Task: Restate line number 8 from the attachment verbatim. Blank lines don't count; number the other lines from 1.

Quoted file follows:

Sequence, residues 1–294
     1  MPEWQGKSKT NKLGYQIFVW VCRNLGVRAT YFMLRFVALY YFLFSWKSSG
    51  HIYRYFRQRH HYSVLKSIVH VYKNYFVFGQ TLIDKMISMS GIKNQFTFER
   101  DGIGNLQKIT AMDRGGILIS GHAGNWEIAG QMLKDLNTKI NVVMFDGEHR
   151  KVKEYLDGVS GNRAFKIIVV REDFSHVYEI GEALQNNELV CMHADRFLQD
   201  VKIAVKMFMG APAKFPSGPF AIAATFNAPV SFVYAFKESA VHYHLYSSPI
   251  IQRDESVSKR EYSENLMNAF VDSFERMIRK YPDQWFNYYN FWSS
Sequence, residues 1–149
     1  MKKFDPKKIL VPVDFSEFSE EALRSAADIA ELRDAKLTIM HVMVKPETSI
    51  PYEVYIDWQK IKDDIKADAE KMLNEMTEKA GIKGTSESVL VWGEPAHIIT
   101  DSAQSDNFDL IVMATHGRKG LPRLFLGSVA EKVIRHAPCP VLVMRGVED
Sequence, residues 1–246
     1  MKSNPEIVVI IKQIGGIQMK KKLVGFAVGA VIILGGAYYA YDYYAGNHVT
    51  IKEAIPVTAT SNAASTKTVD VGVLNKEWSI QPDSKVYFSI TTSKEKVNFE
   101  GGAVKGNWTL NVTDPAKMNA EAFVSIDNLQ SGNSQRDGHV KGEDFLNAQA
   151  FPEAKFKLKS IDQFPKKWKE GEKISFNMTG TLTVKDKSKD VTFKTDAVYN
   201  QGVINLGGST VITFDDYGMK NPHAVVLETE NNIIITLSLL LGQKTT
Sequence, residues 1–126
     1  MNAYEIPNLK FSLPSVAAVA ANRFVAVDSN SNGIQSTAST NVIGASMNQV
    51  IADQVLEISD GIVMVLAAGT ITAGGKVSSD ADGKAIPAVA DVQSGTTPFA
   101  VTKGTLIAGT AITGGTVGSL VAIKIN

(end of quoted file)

Sequence, residues 1–149